National Instruments Unveils LabVIEW Graphical Programming for Embedded Design

  • June 20, 2005
  • National Instruments Corporation
  • News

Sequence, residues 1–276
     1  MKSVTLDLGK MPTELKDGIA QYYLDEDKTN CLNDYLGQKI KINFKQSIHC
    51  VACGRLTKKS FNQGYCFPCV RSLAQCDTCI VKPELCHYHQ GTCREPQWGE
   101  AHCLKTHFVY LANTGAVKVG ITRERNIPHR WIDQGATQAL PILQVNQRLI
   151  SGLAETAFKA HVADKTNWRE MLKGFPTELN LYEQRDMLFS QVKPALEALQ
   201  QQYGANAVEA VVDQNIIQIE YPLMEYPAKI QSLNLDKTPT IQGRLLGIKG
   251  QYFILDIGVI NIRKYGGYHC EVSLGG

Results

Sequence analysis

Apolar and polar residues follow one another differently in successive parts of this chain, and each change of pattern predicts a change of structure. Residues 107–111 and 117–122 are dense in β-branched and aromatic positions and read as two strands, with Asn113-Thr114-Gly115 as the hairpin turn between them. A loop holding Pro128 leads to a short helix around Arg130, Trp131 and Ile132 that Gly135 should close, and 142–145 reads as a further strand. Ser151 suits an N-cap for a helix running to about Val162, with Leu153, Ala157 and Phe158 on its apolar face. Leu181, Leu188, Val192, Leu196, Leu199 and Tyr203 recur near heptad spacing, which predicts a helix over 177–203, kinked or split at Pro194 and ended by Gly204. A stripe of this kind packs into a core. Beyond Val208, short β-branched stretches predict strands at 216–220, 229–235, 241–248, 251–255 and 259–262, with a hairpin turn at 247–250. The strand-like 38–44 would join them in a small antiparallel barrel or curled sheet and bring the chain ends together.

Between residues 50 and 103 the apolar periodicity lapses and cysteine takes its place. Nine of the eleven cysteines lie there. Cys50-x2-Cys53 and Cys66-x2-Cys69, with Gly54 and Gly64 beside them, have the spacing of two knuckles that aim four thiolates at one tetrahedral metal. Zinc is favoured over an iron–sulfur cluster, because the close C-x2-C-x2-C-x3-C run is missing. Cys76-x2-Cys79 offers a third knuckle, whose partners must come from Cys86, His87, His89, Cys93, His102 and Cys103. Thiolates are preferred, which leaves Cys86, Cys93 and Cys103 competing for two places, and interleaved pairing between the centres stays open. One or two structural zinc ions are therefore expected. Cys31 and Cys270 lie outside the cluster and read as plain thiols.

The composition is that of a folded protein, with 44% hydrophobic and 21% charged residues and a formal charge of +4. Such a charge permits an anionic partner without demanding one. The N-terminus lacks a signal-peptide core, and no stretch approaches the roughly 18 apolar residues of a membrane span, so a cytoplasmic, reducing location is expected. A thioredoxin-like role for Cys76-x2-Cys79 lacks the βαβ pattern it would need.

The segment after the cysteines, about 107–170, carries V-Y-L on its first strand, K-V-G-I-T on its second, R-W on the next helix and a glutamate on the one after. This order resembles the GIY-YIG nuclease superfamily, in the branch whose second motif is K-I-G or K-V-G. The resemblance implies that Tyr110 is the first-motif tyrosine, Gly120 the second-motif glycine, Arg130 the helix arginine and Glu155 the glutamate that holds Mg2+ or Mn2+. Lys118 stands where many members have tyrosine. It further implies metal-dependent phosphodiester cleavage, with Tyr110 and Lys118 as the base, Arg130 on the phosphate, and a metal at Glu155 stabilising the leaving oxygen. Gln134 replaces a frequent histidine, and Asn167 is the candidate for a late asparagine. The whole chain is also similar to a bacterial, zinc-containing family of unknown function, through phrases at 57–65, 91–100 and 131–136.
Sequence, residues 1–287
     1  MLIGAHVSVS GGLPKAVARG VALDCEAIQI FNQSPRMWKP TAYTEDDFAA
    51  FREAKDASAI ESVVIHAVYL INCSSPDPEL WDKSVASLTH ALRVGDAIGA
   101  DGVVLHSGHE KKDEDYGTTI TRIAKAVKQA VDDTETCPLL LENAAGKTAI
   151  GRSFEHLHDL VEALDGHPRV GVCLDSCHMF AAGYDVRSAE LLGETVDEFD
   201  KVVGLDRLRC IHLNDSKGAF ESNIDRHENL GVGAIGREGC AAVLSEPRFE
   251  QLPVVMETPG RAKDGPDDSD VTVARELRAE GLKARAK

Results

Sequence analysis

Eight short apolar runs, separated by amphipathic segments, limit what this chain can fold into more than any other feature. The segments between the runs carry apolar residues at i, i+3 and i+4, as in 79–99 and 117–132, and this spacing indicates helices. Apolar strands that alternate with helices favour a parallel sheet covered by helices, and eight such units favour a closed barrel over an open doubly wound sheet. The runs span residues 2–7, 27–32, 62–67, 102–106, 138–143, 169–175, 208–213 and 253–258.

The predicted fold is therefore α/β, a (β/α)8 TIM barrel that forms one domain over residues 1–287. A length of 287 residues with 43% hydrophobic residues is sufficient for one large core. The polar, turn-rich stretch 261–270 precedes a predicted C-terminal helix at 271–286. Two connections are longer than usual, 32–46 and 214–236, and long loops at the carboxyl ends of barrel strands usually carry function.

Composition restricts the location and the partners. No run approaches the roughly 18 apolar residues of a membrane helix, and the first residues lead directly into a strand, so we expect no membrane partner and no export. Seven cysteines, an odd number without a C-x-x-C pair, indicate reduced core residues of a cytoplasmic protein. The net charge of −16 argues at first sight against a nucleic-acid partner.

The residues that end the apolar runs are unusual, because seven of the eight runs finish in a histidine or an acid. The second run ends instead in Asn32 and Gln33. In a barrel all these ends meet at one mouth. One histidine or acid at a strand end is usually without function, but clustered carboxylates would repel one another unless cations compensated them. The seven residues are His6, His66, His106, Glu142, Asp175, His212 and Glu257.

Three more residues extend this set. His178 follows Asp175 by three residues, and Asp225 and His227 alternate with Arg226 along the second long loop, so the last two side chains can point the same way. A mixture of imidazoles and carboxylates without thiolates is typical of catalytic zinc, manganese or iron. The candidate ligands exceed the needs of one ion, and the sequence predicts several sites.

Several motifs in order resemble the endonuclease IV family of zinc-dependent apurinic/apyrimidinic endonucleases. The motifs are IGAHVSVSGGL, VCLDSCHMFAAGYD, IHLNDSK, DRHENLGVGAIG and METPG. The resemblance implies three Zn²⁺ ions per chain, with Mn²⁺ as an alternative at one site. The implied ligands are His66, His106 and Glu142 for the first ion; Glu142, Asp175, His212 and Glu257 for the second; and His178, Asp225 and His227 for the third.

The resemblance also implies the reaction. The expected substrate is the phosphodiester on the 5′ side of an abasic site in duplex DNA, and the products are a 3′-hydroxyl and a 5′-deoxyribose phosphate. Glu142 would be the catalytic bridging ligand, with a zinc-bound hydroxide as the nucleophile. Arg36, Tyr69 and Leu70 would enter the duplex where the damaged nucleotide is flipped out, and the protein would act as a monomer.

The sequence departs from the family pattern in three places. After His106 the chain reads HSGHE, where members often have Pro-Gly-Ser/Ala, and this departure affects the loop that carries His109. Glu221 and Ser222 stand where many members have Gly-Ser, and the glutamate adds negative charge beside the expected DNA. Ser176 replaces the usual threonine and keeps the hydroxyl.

Scientists and engineers now can take advantage of the high-level graphical programming paradigm of National Instruments LabVIEW software to save significant time prototyping and deploying embedded applications to 32-bit microprocessors. The new NI LabVIEW Embedded Development Module extends LabVIEW to any 32-bit embedded processor, providing scientists and engineers with a graphical approach to algorithm design, simulation, prototyping and deployment of custom designs for embedded systems. “NI LabVIEW has empowered thousands of scientists and engineers in the test and control industries to harness challenging programming concepts, such as parallelism and multithreaded development, through an intuitive graphical dataflow paradigm,” said Dr. James Truchard, NI cofounder, president and CEO. “The evolution of LabVIEW beyond the PC will open embedded system design to an entirely new class of developer – a more mainstream population of scientists and engineers.” With the LabVIEW Embedded Development Module, scientists and engineers can design algorithms and program their applications using an intuitive graphical dataflow language. In addition, LabVIEW graphical front panel controls and indicators help engineers interactively experiment and debug their embedded code much more quickly than conventional approaches. The LabVIEW Embedded Development Module includes more than 400 analysis functions for signal processing, linear algebra, curve fitting, statistics and calculus. In addition to out-of-the-box measurement functionality for integrating real-world data early in the process, the module also features a framework for integrating I/O drivers and board support packages for taking advantage of specific processors with LabVIEW. Scientists and engineers can develop their applications using the LabVIEW graphical environment and then automatically generate C code to integrate with their chosen processor tool chains.“The NI LabVIEW Embedded Development Module marks a very significant milestone in the quest to empower a broad base of users with access to the latest design, development, test and measurement technologies,” said Jerry McGuire, general manager of the Media Platform and Service Group at Analog Devices. “With an integrated design and measurement platform such as the LabVIEW graphical development environment, engineers are able to shorten time to market for the development and deployment of systems involving programmable components.”For more information, Contact National Instruments or visit their web site at NI LabVIEWSince 1986, NI LabVIEW has redesigned measurement and automation with its unique graphical development methodology. Noted by the editorial community as premiere software in the electronics, industrial control and electronics design industries, LabVIEW delivers an intuitive and powerful way to acquire, analyze and present measurements at every stage of development, from prototyping to design to manufacturing test. NI extends LabVIEW to the embedded design space with the release of the LabVIEW Embedded Development Module, which gives engineers and embedded developers a powerful graphical programming paradigm for their embedded applications using the 32-bit microprocessor of their choice. About National InstrumentsNational Instruments is a technology pioneer and leader in virtual instrumentation – a revolutionary concept that has changed the way engineers and scientists in industry, government and academia approach measurement and automation. Leveraging PCs and commercial technologies, virtual instrumentation increases productivity and lowers costs for test, control and design applications through easy-to-integrate software, such as NI LabVIEW, and modular measurement and control hardware for PXI, PCI, USB and Ethernet. Headquartered in Austin, Texas, NI has more than 3,400 employees and direct operations in nearly 40 countries. In 2004, the company sold products to more than 25,000 companies in 90 countries. For the past six years, FORTUNE magazine has named NI one of the 100 best companies to work for in America.

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